A company that was sanctioned by the U.S. government for allegedly helping Russia interfere with the 2016 elections has developed an advanced set of offensive spyware tools with functionality that researchers claim they have never before witnessed in real-life attack campaigns.

Dubbed Monokle, the spyware toolset was actually developed as far back as 2015, according to a new blog post and technical report from researchers at Lookout. Samples have been observed in the wild since March 2016, with sightings peaking in the first half of 2018. But activity to this day has remained restrained and limited, suggesting that Monokle is used sparingly in highly targeted campaigns.

Typically, victims are infected when they download trojanized versions of what appear to be legitimate Android applications that otherwise operate as intended. Based largely on the apps that were chosen to carry the spyware, Lookout has assessed that the malware has been used against users based in the Caucasus region as well as those interested in Ahrar al-Sham militant group that opposes the current Syrian government under Bashar al-Assad.

Examples of trojanized apps include a messaging app called UzbekChat, and Ahrar Maps, which is offered via a third-party site with an affiliation to Ahrar al-Sham. Other apps that are more well-known to Americans, including Skype, Signal and Pornhub. Many titles of these apps appear in English, but others are written in Arabic and Russia.

Lookout provided SC Media with a more complete list of trojanized apps, which also include: Home Workouts, Flashlight, Evernote, Muslim Pro, BBM, DiskDigger Pro, Блокировка Камеры, Pro Shooter: Sniper, Wickr Messenger, All-In-One Offline Maps +, Videoder Video Downloader, Steganos Online Shield, UC Browser, ES File Explorer, Ultra GPS Logger and GolosShama.

Monokle operates much like a remote access trojan (RAT) and demonstrates advanced data and media exfiltration capabilities, even without root access to the victimized device

The spyware possesses several traits that make it along the more sophisticated toolsets of its kind. First and foremost, it enables man-in-the-middle attacks against TLS- or SSL-protected traffic by allowing its operators to install their own malicious certificate to an infected device’s trusted certificates — a unique ability that Lookout says has not been seen before in the wild.

Additionally, Monokle heavily abuses Android accessibility services to harvest and exfiltrate data from third-party applications by reading the text that is displayed on a device’s screen. Affected apps includes include Microsoft Word, Google Docs, Facebook Messenger, WhatsApp Skype, Snapchat and more. The surveillance-ware also captures user-defined words captured for predictive-text input — which may reveal certain tendencies and interests of the target — and can even record users’ device screens while they are unlocking it in order to capture their PINs, patterns and passwords.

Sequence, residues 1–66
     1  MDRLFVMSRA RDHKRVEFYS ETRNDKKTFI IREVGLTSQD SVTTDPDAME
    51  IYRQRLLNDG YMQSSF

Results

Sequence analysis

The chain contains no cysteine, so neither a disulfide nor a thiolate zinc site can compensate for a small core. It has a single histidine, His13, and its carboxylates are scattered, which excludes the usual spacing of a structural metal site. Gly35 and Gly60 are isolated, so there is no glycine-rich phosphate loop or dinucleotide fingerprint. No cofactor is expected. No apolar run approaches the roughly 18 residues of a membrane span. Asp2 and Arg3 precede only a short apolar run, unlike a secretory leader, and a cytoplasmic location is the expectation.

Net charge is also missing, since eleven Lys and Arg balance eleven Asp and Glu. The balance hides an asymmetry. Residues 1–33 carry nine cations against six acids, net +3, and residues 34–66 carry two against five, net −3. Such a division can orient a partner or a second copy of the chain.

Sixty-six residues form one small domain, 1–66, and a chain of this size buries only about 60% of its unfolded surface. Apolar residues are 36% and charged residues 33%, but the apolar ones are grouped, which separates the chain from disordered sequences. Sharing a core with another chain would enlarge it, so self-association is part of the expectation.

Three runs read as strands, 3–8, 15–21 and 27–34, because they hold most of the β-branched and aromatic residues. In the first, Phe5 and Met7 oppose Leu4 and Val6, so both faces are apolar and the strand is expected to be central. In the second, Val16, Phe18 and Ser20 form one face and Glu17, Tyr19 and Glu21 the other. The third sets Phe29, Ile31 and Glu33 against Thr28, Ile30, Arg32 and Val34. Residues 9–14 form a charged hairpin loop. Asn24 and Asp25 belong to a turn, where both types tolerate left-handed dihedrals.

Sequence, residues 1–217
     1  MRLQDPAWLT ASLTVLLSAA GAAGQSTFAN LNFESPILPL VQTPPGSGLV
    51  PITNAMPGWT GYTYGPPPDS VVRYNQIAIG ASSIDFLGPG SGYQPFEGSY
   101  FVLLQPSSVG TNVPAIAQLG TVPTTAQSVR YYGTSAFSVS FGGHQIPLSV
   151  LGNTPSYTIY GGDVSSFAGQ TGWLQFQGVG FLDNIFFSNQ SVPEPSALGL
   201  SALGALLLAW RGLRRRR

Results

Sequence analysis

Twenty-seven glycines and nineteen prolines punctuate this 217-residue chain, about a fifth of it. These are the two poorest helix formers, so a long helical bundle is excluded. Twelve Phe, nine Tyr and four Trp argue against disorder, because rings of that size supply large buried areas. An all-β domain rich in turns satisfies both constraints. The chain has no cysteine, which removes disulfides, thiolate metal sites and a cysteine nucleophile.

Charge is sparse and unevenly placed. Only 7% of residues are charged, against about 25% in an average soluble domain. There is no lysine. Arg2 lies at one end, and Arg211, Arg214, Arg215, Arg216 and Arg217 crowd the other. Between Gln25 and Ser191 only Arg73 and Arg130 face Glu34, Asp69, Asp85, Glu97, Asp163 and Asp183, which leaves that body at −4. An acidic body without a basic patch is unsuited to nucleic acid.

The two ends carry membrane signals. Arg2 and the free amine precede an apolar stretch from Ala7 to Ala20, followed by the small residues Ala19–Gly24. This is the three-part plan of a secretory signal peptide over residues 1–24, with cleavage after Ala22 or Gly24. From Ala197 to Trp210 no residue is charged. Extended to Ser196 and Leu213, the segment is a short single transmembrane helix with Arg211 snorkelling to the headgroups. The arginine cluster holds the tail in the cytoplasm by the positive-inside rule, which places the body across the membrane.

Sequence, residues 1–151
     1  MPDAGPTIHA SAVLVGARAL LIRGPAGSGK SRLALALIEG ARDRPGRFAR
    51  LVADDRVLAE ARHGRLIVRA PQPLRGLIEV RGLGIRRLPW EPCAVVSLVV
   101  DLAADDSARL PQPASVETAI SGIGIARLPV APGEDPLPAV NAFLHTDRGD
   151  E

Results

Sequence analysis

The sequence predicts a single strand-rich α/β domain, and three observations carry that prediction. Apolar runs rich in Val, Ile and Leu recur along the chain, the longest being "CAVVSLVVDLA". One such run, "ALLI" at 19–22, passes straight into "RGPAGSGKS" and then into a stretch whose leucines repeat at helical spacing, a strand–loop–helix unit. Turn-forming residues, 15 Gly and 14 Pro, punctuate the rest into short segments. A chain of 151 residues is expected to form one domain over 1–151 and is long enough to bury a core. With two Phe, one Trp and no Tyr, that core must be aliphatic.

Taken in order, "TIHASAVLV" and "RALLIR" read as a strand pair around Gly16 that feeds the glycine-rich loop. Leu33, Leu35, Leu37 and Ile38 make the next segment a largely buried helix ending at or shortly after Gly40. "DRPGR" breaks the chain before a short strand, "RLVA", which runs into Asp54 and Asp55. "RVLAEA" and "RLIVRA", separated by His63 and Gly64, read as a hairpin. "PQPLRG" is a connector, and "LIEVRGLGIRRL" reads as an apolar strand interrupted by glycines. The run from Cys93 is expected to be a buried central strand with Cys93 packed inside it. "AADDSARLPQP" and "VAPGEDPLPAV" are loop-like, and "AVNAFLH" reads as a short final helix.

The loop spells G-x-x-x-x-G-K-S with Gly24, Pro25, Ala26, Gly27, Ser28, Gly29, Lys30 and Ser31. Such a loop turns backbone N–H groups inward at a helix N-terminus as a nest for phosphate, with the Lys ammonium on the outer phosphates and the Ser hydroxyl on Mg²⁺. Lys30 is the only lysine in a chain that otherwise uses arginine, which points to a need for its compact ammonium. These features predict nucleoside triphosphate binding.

Monokle has a host of other functionality as well, including collecting contacts, call histories, browser histories and calendar information; enabling the plaintext retrieval of a user’s password by capturing the salt used when storing it at rest; recording calls and environmental audio; retrieving accounts and associated passwords, retrieving emails, taking screenshots, tracking device location and gathering nearby cell tower information; and more.

Lookout is attributing Monokle’s development to St. Petersburg, Russia-based defense contractor Special Technology Centre, Ltd. In late 2016, STC was sanctioned under former President Barack Obama for allegedly providing material support the efforts of Russian intelligence agency GRU to undermine the 2016 U.S. presidential election. (APT actor Fancy Bear, which launched cyberattacks against the Democratic National Committee, is widely recognized as a GRU-sponsored group.)

Researchers at Lookout definitively connected Monokle to STC because the spyware shares the same command-and-control infrastructure and signing certificates as STC’s Android antivirus solution, called Defender. The researchers also found references to several potential software developer names that are linked to both STC and Monokle.

“Monokle is a great example of the larger trend of enterprises and nation-states developing sophisticated mobile malware that we have observed over the years,” Lookout’s blog post states.

Lookout credited the following researchers and executives as report contributors: Adam Bauer, senior staff security intelligence engineer; Apurva Kumar, staff security intelligence engineer; Christoph Hebeisen, had of research; Michael Murray, chief security officer, and Michael Flossman, former head of threat intelligence.